by Ralf Seiffe
The week I graduated from high school in 1971, a series of articles appeared in The New York Times reporting the origins and facts concerning the Vietnam War. Known as the “Pentagon Papers,” these documents became one of the primary sources demonstrating the duplicity of the Johnson Administration’s conduct of the war. They became a talisman for the Left and helped enlist many in its effort to sabotage the war.
Regardless of what one may think of the content of the Papers and their effects on the war, their publication demonstrated the importance of a free press by revealing the true nature of government when its interests conflict with the public’s right to know. In just over two weeks after the first installment appeared, the Nixon Administration moved to enjoin The Times from publishing additional stories and less than a month later, the Supreme Court ruled 6-3 that the injunctions were unconstitutional prior restraint.
All this may seem like ancient history, but stay awake because Illinois’ own Tricky Dick Durbin is restraining an important government document with potentially damaging information and its cover-up may have great bearing on the 2008 presidential campaign.
In a curious link to Nixon and the Watergate Era, Janet Reno appointed the last “Special Prosecutor” to investigate the case of Henry Cisneros in May, 1995. Cisneros was the respected ex-mayor of San Antonio that Bill Clinton nominated to be his Administration’s Secretary of Housing and Urban Development. During his background check, Cisneros apparently told the FBI some things that were not true about his income and tax payments and when this deception was discovered, the Independent Counsel Statute came into play. David Barrett was given the $58 per hour assignment to investigate the “credible” evidence.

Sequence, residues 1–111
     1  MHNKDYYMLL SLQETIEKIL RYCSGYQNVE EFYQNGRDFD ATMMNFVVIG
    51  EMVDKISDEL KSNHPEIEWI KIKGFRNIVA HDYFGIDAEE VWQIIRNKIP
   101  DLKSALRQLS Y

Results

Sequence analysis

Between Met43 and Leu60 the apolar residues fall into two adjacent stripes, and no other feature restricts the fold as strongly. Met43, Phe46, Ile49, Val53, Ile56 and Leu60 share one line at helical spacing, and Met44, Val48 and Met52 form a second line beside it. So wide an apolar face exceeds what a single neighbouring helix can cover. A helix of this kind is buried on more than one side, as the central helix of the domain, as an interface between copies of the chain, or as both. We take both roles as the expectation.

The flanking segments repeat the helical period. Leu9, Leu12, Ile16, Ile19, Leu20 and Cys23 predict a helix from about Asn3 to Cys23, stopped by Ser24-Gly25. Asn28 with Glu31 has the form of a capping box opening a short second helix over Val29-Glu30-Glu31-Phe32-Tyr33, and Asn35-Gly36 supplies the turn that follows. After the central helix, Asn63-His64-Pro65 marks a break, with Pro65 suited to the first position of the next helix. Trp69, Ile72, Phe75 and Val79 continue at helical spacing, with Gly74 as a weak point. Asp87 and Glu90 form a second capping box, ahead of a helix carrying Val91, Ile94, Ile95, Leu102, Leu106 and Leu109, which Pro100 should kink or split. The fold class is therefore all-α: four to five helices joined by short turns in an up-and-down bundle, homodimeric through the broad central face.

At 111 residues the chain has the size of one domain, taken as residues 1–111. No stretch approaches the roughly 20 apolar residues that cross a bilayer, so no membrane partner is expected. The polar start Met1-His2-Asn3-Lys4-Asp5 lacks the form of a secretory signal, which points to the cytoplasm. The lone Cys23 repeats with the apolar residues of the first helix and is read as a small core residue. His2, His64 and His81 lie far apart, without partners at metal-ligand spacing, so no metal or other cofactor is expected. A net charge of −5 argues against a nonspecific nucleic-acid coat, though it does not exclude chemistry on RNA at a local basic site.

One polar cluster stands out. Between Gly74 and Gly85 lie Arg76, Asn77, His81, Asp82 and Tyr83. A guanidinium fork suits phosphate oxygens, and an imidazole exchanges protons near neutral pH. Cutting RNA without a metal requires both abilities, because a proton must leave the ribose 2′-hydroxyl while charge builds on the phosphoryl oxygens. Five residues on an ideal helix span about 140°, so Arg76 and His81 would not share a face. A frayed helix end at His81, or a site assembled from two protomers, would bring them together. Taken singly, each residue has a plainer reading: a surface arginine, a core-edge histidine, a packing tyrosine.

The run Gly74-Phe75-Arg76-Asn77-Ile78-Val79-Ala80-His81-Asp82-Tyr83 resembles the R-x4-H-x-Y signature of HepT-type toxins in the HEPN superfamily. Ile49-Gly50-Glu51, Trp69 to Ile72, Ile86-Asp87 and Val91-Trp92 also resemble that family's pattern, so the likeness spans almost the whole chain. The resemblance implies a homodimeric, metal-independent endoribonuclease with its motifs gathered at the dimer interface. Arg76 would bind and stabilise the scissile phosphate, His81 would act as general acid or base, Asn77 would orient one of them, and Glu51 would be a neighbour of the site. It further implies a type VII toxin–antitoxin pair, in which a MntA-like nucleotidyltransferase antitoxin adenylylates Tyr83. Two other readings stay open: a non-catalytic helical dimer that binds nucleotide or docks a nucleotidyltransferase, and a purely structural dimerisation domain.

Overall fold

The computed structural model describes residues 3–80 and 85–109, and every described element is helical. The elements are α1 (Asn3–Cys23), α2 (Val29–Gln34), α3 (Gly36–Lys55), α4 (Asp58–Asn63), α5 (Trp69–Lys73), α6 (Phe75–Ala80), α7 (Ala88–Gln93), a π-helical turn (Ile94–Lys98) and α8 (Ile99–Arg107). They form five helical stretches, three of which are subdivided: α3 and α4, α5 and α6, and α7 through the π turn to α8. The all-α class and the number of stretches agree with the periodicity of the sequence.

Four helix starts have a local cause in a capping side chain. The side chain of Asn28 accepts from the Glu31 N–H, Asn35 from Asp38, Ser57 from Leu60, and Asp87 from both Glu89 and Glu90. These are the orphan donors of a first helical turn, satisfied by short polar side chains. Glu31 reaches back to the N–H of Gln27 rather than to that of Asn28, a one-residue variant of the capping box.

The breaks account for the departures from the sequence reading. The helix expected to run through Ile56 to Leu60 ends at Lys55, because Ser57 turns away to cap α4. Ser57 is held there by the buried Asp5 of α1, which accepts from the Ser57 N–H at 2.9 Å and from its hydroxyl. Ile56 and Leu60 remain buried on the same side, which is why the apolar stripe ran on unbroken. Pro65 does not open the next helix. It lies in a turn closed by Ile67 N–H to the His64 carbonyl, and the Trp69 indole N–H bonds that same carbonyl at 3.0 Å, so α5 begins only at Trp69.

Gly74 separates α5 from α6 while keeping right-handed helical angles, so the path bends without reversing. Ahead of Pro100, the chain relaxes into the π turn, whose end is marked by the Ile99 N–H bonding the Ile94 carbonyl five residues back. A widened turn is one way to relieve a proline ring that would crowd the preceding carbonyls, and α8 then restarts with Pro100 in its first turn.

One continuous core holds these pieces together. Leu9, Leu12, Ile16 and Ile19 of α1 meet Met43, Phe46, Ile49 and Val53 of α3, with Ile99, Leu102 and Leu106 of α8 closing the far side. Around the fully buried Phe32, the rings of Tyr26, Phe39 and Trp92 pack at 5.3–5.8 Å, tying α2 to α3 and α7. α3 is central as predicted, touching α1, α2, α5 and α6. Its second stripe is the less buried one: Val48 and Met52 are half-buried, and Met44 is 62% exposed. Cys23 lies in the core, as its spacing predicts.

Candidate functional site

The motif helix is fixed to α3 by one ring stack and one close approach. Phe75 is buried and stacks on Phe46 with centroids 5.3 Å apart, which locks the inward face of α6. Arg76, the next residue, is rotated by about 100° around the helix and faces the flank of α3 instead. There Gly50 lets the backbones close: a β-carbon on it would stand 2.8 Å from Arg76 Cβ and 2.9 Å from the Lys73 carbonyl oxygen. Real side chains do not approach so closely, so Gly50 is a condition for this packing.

Eventually, Cisneros was indicted on some 18 federal charges; they were bargained down to a single misdemeanor and a $10,000 fine. One would think this would end the special prosecution. And, even if the plea was not enough to stop the process, consider what happened next. The central charge was when Cisneros was the mayor; he had paid his mistress by signing over checks he’d gotten for speaking engagements without reporting the income on his returns. That was the kind of problem Bill Clinton could certainly understand and so he pardoned Cisneros on his last day in office.
Rather than close his office, Barrett pushed forward, following up on suspicious information the Cisneros investigation had uncovered. His office continued on for another five years, until 2006, when Barrett released his final report, a 120-page opus with 500 pages of supporting information and some 2,500 footnotes. Despite the fact that the public paid some $21 million to produce the report and has waited more than ten years to read it, Barrett’s report as special prosecutor has never faced public scrutiny.
Rumor has it that there is scintillating information about the Internal Revenue Service’s flagrant handling of the Cisneros case by Clinton Administration officials. If the rumors are true, the report shows how the Clinton Administration manipulated the IRS to protect its friends and punish its enemies.
While it cannot be known for certain without reading the report itself, it reportedly contains information so damning that it has the same potential to destroy American’s faith in their government’s conduct in the same way that the Pentagon Papers did half a lifetime ago.